The bodies of four missing coal miners were recovered Friday after a long, dangerous search. Now, as more than 25 families grieve their fathers, brothers and sons, others are asking whether the blast could have been prevented. Video Tribute here.
Massey Energy Co.'s Upper Big Branch mine, where the deadly blast occurred, was ordered to withdraw miners 61 times in 2009 and 2010. Yet even as the underlying problems recurred, the mining continued unhindered.
According to an MSHA (the federal Mine Safety and Health Administration) report prepared for Democratic Sen. Robert Byrd of West Virginia, the Upper Big Branch Mine met all the criteria for a pattern of violations as far back as 2007. But the mine avoided stiffer penalties, such as shutting down the mine, by reducing its rate of the most serious violations. It was unclear how.
The agency also told Byrd's office it had issued 61 orders to withdraw miners from the facility during 2009 and 2010, although it was unclear what prompted those or whether they were full or partial evacuations.
Companies Spent $1 billion, but Equipment Failed to Help
Coal companies spent more than $1 billion on new safety measures after a 2006 mine explosion killed a dozen workers, but the equipment did nothing to save the lives of at least 25 more men under similar circumstances this week.
The problem is that the safety reforms passed into law since the West Virginia Sago mine disaster were focused almost exclusively on sustaining trapped miners long enough to rescue them, not on preventing underground explosions.
The result? Victims of Monday's blast at Massey Energy Co.'s Upper Big Branch mine, also in West Virginia, probably died without ever getting a chance to use any of the expensive gear.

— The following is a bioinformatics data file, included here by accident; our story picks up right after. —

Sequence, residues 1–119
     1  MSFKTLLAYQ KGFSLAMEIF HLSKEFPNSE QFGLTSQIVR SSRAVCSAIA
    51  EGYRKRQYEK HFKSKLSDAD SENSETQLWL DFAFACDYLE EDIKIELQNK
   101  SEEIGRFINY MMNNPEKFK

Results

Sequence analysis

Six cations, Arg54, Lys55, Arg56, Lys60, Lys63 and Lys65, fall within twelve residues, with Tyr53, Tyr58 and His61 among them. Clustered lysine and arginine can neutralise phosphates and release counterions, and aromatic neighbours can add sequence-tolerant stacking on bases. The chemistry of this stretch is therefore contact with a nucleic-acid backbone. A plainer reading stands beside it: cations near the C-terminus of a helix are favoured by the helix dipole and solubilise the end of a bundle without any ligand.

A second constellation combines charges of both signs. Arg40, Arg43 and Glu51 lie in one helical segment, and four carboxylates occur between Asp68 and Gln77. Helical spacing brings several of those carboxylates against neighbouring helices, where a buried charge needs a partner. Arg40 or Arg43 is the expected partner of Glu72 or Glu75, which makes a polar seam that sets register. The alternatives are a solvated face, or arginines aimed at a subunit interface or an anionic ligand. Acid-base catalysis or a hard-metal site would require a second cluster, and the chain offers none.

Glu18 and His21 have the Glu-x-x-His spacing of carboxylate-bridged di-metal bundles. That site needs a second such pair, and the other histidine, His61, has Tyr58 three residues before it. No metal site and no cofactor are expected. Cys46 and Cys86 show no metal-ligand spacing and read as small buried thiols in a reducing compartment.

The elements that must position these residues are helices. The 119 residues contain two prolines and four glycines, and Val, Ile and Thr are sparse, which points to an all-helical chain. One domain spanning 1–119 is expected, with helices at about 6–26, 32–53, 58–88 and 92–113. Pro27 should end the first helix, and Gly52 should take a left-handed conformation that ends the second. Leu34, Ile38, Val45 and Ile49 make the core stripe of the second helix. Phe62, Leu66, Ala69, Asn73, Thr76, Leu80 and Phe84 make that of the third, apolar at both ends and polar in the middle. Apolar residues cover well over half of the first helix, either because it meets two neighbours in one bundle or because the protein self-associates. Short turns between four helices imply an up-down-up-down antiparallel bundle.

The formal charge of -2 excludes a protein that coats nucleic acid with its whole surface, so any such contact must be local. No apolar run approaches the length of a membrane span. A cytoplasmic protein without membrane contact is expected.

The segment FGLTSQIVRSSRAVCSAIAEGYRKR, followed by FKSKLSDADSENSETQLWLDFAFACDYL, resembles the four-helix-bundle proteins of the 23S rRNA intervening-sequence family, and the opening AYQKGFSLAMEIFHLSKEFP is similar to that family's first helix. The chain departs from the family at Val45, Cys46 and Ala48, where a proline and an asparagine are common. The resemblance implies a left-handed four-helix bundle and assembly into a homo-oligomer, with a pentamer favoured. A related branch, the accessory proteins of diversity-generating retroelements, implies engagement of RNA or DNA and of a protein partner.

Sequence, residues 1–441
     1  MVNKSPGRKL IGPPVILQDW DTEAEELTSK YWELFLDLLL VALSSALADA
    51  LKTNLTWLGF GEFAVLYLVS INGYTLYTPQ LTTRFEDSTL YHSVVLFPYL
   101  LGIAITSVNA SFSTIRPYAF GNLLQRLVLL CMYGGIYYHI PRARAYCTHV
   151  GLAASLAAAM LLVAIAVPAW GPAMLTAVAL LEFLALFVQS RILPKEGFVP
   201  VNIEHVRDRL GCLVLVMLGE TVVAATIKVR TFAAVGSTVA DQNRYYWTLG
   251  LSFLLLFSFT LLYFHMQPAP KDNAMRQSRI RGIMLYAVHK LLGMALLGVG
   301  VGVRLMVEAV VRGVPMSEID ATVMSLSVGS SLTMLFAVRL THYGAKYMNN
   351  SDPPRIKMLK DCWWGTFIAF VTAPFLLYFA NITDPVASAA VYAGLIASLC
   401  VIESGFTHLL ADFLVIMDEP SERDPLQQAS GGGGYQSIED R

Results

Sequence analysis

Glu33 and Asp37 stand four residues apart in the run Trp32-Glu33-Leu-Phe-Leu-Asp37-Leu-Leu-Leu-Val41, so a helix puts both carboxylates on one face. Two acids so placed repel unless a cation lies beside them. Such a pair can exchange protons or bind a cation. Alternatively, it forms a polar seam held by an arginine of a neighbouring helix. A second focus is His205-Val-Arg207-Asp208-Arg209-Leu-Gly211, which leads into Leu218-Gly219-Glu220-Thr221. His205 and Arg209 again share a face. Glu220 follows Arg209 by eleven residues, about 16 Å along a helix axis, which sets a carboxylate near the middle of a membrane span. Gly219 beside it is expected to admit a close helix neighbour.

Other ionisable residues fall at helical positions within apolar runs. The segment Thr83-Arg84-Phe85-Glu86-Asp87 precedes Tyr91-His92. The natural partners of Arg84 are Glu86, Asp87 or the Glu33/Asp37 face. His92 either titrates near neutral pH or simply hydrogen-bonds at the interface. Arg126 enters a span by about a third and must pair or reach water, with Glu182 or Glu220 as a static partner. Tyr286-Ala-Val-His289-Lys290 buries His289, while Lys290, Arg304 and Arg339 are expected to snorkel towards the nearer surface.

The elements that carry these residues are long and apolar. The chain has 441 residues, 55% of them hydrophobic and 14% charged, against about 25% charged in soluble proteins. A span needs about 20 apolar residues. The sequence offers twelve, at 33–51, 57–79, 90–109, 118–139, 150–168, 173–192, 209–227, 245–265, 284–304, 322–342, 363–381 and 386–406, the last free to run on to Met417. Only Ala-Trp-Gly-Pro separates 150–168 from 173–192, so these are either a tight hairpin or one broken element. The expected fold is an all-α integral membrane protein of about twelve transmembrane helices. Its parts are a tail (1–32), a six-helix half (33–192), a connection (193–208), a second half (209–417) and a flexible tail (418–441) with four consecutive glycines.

``That argues for doing more on the preventative side,'' said National Mining Association lobbyist Bruce Watzman. ``We need to be doing both.''
After Sago, where 12 miners died after being trapped for two days following an explosion, West Virginia and then Congress pushed through reforms that ordered mines to stockpile emergency oxygen, build so-called ``refuge chambers,'' and install sophisticated wireless communications systems and other gear.
Based on surveys of mine operators, Watzman estimates the industry has spent at least $1 billion to comply with those rules in the nation's nearly 500 coal mines.
West Virginia Gov. Joe Manchin said those changes have helped, but lawmakers never considered beefing up prevention measures and still haven't, Watzman said.
``There was really no opportunity, unfortunately,'' he said.
Should Inspections Increase to Prevent Explosions and Disasters?
Industry officials and regulators agree that whatever reforms result from the Upper Big Branch mine should be focused on preventing explosions and other disasters.
Kentucky lawyer and safety advocate Tony Oppegard says the agency needs to push Congress to mandate six inspections of underground mines each year, rather than four.
``I've been saying this for years, but it certainly falls on deaf ears at MSHA,'' Oppegard said.